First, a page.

gramming system for colorimetric chemical analysis dis
closes apparatus and a system for measuring dissolved
It is to be understood however,
with the present application. Reference is made to this 20 ing the number of reagent metering devices and reagent
supply pumps, any number of analyses can be performed
and characteristics of colorimetric type chemical ana
on the instrument such’as, for example only, dissolved
copending application for the general operating principles
lyzers.
silica, total hardness of water, residual chlorine, ?uorides
The programming system utilized in my previous co
and iron, etc.
pending application included an elaborate system of elec 25
Additional objects, features and advantages of the pres
trical commutators, motors and solenoid actuated valves.
ent invention will be more readily apparent from the fol
Experience in the ?eld has shown that such systems,
lowing detailed description of an illustrative example of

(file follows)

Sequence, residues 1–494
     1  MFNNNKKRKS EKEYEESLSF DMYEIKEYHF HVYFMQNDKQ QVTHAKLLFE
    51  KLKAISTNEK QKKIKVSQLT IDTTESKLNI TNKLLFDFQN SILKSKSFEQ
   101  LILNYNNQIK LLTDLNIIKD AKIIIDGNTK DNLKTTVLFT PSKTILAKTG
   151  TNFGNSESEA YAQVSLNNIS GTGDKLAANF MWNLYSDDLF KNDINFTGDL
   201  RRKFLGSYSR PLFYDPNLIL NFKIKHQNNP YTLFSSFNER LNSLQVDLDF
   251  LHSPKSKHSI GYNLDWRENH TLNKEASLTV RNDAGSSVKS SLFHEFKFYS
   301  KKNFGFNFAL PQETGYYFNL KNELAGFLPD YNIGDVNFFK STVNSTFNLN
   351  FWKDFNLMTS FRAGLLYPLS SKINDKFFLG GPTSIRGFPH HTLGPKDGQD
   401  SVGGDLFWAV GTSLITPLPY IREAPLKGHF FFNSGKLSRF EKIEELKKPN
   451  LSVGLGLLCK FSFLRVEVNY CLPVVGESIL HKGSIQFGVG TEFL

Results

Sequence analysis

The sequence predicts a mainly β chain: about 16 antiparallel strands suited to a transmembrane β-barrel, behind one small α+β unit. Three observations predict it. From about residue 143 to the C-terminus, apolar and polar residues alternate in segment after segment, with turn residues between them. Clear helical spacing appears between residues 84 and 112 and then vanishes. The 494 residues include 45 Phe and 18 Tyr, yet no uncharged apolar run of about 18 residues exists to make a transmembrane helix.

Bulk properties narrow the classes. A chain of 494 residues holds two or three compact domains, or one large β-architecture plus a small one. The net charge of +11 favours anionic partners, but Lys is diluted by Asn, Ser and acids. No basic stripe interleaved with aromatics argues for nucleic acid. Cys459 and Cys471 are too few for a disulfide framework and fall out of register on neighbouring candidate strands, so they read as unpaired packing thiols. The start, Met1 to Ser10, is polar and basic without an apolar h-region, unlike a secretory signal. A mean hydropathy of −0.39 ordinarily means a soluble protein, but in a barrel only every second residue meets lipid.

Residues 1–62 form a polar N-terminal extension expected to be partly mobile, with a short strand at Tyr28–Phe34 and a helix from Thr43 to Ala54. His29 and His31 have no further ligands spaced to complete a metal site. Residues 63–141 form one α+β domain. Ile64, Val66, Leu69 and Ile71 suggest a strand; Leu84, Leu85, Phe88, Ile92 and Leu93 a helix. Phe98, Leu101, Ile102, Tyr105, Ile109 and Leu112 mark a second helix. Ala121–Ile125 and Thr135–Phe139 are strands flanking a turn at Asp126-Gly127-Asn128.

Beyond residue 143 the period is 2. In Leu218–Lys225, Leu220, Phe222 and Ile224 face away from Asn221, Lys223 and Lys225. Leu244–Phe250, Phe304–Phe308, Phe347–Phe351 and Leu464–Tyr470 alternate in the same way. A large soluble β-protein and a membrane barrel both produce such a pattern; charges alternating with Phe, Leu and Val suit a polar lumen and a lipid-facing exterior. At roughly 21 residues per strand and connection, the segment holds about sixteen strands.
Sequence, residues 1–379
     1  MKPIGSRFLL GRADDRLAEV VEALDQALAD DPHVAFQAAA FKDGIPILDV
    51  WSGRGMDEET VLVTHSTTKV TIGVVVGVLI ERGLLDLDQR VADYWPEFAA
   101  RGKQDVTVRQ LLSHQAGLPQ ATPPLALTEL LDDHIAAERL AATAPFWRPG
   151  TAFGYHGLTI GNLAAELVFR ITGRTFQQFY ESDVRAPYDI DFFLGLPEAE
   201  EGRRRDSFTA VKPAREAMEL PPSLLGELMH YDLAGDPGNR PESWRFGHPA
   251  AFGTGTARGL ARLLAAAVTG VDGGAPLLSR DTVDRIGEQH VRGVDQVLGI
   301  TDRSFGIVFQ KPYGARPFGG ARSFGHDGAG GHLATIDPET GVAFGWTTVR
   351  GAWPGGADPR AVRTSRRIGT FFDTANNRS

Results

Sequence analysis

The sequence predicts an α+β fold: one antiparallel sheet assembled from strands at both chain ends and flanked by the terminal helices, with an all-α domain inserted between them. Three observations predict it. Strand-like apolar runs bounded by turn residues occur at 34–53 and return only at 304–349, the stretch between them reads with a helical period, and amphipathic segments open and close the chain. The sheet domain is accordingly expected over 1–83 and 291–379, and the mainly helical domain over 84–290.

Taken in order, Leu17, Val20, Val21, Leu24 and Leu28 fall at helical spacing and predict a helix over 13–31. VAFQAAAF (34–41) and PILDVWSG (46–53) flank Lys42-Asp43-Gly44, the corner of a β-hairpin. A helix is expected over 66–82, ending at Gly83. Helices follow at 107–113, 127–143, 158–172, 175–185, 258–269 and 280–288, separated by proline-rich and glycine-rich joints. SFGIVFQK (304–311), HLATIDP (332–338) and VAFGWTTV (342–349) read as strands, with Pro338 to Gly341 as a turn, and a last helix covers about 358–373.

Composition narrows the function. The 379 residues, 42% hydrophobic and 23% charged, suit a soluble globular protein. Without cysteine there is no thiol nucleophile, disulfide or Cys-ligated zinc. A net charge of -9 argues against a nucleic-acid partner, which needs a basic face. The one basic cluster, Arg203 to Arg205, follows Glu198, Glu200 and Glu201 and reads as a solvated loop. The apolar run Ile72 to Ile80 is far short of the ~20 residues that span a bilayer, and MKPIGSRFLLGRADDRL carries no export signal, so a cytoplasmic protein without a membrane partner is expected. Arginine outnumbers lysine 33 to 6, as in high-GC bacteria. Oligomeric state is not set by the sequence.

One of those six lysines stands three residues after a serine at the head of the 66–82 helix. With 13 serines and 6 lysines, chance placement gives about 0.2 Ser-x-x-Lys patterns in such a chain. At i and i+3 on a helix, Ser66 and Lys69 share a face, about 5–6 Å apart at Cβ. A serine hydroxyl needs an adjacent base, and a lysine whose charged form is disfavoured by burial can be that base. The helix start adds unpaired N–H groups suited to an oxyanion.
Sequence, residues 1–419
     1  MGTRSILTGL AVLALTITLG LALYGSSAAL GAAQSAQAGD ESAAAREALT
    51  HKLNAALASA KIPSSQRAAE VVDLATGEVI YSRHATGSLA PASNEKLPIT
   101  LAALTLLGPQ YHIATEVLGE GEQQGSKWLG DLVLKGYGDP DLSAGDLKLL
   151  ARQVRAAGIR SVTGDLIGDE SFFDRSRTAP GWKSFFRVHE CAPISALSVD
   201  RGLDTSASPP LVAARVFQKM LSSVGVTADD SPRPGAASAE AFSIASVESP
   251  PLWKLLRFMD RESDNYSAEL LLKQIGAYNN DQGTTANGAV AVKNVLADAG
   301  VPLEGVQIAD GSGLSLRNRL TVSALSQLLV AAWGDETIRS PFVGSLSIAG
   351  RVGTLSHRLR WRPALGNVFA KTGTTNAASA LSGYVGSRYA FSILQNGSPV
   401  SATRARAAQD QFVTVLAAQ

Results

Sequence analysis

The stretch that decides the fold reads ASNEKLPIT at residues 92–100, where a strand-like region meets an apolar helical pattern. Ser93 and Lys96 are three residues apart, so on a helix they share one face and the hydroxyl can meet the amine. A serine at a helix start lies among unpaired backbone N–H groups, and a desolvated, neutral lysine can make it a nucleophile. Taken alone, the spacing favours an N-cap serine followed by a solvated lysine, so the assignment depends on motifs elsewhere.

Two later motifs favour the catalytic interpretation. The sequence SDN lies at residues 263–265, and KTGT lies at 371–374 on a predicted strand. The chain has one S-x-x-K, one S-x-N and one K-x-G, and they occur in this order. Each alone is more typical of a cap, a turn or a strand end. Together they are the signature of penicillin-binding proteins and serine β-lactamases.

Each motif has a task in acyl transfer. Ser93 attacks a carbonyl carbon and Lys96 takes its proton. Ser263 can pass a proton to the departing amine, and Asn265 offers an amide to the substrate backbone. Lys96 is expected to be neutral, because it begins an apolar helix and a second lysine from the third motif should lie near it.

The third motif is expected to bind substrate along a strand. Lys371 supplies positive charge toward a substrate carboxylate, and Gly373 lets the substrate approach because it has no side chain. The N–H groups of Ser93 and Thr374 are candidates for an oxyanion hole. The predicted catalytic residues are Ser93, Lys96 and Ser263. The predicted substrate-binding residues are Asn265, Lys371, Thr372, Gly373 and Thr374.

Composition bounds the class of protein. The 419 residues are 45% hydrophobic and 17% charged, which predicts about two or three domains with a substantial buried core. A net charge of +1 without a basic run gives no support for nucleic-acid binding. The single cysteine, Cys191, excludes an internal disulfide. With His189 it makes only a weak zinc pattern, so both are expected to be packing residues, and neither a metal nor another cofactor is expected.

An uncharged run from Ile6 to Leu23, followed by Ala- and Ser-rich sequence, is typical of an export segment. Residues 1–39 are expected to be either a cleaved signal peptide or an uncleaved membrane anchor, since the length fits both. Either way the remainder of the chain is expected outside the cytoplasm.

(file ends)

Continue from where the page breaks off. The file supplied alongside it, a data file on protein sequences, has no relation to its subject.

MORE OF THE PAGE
while operable, are under certain circumstances unreliable
an embodiment thereof when taken together with the
and difficult to maintain.
accompanying drawings in which:
.
It is a primary object of the present invention to provide 30 . FIG. 1 is a schematic diagram of a colorimetric type
a programming system and apparatus which is a simple
chemical analyzer utilizing the pneumatic programming
and reliable means whereby a series of valves, diaphragm
system of the present invention;
pumps and electrical switches in an automatic chemical
FIG. 2 is a sectional view through a reagent pump
analyzer can be programmed so that they will be actuated
used in the system;
in the proper sequence as required for the particular 35 ‘FIG. 3 is a sectional view taken on line 3—3 of FIG.
analysis being conducted.
Another object of the present invention is to provide
a programming system which is extremely simple in con
2;
. FIG. 4 is a fragmentary view, partly in section, of a
programming drum and air bleed nozzles utilized in the
system; and
struction, easy to manufacture and very reliable in oper
40
ation.
FIG. 5 is a sectional view taken on line 5—~5 of FIG. 4.
A still further object of the present invention is to
Referring now in detail to the drawings, FIG. 1 sche
provide a pneumatic programmer which actu ates by means